On February 27, 2007, Blue Cross of California, contending that it was erroneously sued as BC Life & Health Insurance Company, removed the Complaint to this Court. The Notice of Removal asserts in pertinent part:

5. The District Court of the United States, Eastern District of California has original jurisdiction under 29 U.S.C. Section 1132(e)(1) and 28 U.S.C. § 1331 and the Action is one that may be removed to this Court by Defendant pursuant to 28 U.S.C. Section 1441(a)(b) and (c), for the following reasons:

(a) Plaintiffs allege that in or about November 2005, Blue Cross denied payment for the use of Alimta to treat decedent Leonel DaRosa's (`Decedent') cancer, and, in or about August 2006, denied payment for the use of Avastin to treat Decedent's cancer, contending that both treatments were investigational and, therefore, excluded from coverage by the health plan issued by Blue Cross.

(b) The health plan issued to Decedent on which plaintiff's [sic] claim is based was a group health policy issued to the Decedent's employer, Contente Dairy, and constitutes an employee welfare benefit plan within the meaning of 29 U.S.C. Section 1332(e)(1). The enforcement of rights under the plan is governed exclusively by federal law under ERISA. Pilot Life Ins. Co. v. Dedeaux, 481 U.S. 41 [107 S.Ct. 1549, 95 L.Ed.2d 39] (1987). Removal of such cases to federal court is proper. Metropolitan Life Ins. Co. v. Taylor, 481 U.S. 58 [107 S.Ct. 1542, 95 L.Ed.2d 55] (1987).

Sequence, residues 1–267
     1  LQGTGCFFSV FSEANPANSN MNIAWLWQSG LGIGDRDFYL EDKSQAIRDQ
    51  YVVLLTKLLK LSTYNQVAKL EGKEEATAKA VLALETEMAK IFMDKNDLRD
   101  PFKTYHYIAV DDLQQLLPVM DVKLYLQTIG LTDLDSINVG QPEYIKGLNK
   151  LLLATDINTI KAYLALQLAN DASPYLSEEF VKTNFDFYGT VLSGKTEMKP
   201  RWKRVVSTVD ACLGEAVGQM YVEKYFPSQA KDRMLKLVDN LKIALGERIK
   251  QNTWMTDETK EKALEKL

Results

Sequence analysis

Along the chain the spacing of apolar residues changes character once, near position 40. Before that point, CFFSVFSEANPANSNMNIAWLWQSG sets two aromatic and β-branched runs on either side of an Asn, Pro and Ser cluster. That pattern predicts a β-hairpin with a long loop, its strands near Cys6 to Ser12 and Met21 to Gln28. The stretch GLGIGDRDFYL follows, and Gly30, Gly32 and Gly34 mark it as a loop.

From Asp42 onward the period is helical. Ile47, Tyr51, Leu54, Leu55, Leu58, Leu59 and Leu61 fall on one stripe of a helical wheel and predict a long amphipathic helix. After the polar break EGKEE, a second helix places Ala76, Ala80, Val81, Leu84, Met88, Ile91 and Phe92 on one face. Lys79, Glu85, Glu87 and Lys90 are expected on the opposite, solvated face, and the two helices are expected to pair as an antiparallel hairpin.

6. This Court has original jurisdiction over ERISA claims under the provisions of 28 U.S.C. Section 1331. Thus, this Action may be removed to this Court by Defendant pursuant to the provisions of 28 U.S.C. Section 1441(a) as an action arising under the Constitution, laws or treaties of the United States.

On March 2, 2007, Defendant filed a motion to dismiss the Complaint. Plaintiffs filed a First Amended Complaint (FAC) on March 23, 2007. (Doc. 10). Defendant's motion to dismiss the Complaint was denied as moot by Order filed on March 30, 2007. (Doc. 11).

The FAC still names the Defendant as BC Life & Health Insurance Company. The FAC alleges twenty-three causes of action, grouped as...

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    ...than other anti-assignment provisions; however, two other courts have construed them similarly. See Quaresma v. BC Lift & Health Ins. Co., 623 F. Supp. 2d 1110, 1127-28 (E.D. Cal. 2007) (finding a similar provision to be a valid and enforceable anti-assignment clause.).1 In fact, another di......
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    ...Peninsula v. Wm. Michael Stemler, Inc., 2013 WL 5312865, at *2 (N.D. Cal. Sept. 23, 2013); see also Quaresma v. BC Life & Health Ins. Co., 623 F. Supp. 2d 1110, 1116 (E.D. Cal. 2007) ("A healthcare provider's suit against an ERISA plan for payment is generally not subject to removal because......